Although Curtis Granderson may not have known it, his 2017 season was a journey involving a complete change of scenery. He would go on to finish the 2017 campaign with the Los Angeles Dodgers, but began the season in a town that truly appreciated his contributions.
While first meeting the New York faithful during his stint with the New York Yankees, he would go on to join the New York Mets for four seasons. He began the season with the Mets, providing his usual stellar defense and hard-swinging approach at the plate. After four and half months playing at Citi Field, Granderson would be traded mid-August to the Dodgers to contribute to a contending team.
The 14-year veteran made an immediate impact on his new club, introducing himself with two home runs in his first three games with Los Angeles. The positive start was what Andrew Friedman and Farhan Zaidi had hoped for, giving manager Dave Roberts another tool to fiddle with in the outfield.
Granderson was highly respected around the league as a true professional, putting the team’s needs first and plugging in wherever called upon. The culture shock turned into an immediate one for him, leaving the injury-riddled Mets for a team in the midst of a soon-to-be World Series run.
Unfortunately for the Silver Slugger Award winner, his time with the Dodgers turned into a battle as it got closer to the postseason. While receiving many starts when he was first on the Dodgers, he saw his playing time decrease and eventually shared a platoon role in left field with Kiké Hernandez.
The Dodgers had to weigh their options heading into the postseason, with the ultimate roster cuts that come following the 40-man expansion in September. Alas, the 36-year-old would go on to make the National League Divisional Series roster, with Roberts hoping his experience could provide some clutch at-bats.
Time would tell, as Granderson would go 1-for-8 against the Arizona Diamondbacks, with a run and four strikeouts. Roberts would then give him a chance to make amends in the National League Championship Series, but he would finish the series going 0-for-7, with his last appearance in Game 4 ending with four strikeouts.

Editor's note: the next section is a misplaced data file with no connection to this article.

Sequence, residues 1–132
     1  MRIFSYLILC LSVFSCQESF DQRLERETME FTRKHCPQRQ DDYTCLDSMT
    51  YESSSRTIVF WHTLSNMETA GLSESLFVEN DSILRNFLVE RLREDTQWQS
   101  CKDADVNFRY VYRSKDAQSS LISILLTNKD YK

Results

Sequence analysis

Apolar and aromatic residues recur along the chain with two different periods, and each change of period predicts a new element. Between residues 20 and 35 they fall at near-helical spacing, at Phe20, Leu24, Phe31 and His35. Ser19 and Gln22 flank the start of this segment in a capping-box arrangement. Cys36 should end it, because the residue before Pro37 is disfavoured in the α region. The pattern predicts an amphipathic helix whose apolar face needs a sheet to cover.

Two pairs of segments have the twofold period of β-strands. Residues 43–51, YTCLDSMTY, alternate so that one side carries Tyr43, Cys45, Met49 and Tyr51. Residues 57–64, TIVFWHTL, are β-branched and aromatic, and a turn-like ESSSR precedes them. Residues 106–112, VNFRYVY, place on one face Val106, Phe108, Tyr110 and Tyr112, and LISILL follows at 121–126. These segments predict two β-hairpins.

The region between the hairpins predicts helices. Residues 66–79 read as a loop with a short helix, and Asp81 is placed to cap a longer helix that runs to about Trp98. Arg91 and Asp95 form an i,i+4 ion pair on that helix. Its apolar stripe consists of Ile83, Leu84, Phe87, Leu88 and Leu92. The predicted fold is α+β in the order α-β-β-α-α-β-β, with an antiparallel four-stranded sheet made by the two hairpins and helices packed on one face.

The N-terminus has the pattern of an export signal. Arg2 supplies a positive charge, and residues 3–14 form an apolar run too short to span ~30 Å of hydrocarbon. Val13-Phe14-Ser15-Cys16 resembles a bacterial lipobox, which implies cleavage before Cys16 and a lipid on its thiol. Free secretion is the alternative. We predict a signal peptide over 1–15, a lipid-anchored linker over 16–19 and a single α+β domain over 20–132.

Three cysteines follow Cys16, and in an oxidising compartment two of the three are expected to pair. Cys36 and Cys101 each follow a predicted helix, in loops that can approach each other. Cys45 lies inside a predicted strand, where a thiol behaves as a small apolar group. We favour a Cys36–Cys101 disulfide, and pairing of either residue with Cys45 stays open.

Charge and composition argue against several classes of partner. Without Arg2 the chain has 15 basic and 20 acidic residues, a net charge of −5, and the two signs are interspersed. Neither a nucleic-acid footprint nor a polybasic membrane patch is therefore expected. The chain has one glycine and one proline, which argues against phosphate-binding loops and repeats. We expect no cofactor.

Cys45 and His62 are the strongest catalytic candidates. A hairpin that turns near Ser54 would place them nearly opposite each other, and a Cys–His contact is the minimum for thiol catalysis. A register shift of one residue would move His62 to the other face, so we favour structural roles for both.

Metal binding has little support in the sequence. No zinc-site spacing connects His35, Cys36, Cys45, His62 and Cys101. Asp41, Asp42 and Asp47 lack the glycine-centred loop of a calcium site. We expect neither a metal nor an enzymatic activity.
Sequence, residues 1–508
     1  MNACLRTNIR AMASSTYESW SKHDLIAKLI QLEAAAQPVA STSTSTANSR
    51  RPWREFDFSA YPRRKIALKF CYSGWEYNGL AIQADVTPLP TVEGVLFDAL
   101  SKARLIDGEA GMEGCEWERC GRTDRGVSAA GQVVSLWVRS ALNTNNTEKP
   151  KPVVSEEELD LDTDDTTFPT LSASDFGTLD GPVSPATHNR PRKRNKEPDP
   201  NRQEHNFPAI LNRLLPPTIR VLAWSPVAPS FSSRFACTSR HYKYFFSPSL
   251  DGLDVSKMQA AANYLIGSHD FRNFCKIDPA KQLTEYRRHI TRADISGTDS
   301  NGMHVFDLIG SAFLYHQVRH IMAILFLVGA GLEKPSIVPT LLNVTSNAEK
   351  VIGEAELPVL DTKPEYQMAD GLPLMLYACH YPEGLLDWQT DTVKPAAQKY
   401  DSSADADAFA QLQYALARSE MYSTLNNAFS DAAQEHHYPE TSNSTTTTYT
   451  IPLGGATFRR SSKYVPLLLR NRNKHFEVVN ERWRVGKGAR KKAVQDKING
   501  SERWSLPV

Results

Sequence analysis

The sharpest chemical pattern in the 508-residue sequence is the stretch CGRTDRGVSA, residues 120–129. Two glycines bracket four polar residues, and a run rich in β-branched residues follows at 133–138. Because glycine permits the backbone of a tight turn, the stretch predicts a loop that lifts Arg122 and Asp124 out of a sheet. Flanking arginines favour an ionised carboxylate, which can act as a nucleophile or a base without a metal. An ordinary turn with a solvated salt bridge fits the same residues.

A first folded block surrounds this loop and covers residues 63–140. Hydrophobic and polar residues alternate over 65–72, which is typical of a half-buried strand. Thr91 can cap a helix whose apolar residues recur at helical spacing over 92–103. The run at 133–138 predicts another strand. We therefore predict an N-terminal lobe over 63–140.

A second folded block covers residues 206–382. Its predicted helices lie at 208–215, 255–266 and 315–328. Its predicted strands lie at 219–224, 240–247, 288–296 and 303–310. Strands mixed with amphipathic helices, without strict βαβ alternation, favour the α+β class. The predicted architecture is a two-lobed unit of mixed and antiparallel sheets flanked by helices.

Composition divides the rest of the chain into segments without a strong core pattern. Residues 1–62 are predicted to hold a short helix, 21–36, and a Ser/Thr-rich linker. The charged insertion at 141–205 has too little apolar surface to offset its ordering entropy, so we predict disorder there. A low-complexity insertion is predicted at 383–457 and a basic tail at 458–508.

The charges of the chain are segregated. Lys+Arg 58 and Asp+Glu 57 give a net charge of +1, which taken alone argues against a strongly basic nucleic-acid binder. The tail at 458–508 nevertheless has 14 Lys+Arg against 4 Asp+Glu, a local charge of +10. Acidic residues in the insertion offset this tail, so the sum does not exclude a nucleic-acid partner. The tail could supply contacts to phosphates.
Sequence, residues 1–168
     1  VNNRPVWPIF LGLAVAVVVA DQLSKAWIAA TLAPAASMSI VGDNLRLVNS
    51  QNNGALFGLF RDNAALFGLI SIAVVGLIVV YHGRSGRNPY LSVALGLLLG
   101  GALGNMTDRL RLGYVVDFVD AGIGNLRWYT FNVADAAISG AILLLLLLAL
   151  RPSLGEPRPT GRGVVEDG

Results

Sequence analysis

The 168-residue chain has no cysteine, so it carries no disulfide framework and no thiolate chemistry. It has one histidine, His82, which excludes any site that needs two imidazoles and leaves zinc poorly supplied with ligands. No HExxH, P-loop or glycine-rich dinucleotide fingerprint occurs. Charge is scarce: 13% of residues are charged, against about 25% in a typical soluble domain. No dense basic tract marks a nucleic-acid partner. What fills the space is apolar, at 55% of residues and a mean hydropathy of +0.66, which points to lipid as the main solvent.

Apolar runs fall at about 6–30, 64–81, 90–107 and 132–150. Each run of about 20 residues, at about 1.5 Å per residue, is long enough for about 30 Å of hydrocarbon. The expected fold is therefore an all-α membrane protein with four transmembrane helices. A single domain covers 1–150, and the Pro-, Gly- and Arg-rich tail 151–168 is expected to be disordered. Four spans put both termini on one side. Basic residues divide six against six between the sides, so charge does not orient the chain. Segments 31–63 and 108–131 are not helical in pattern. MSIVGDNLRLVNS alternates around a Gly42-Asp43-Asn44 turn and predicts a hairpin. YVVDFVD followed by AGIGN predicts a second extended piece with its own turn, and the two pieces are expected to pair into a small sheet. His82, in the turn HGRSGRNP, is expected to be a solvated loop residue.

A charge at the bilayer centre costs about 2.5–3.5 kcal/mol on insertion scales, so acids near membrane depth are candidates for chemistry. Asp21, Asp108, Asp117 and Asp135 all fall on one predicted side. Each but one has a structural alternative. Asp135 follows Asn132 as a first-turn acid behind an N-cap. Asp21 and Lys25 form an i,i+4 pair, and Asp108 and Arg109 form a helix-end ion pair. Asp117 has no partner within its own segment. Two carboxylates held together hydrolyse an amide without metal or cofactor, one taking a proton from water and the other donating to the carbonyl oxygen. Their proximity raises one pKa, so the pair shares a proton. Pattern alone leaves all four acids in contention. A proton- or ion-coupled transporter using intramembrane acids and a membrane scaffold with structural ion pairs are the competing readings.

Granderson would be left off the World Series roster for the Dodgers, which ended in heartbreaking fashion with their Game 7 loss. The 2002 draftee finished his time with the Dodgers with a dismal .161/.288/.366 slashline, smashing his way to seven home runs, two doubles, and 12 RBIs.
Granderson’s highlight during his short tenure with the Dodgers came on Aug. 21, in a matchup at PNC Park against the Pittsburgh Pirates. In just his third game with the Dodgers, he was able to provide a huge impact that would turn around the momentum of what would go on to be a 12-inning contest.
In the top of the seventh, the Dodgers would step up to the plate facing Gerrit Cole down 3-0. A Corey Seager RBI single cut the Pirates lead down to two runs, with Granderson stepping to the plate with the bases loaded. He then promptly crushed the fourth pitch of the at-bat for a grand slam to deep right-center, giving the Dodgers a 5-3 lead.
Many were speculating that Granderson would retire following his sub-par ending to the season, showing signs of mental and physical fatigue throughout a long season. However, it seems as though the three-time All-Star is planning on giving 2018 a try, hoping to land in a beneficial situation.
2017 marked the end of his four-year contract he signed with the Mets in 2014, meaning he enters the offseason as an unrestricted free agent. Granderson will draw attention from plenty of teams that could use a veteran presence, although most likely having to settle for a diminished role.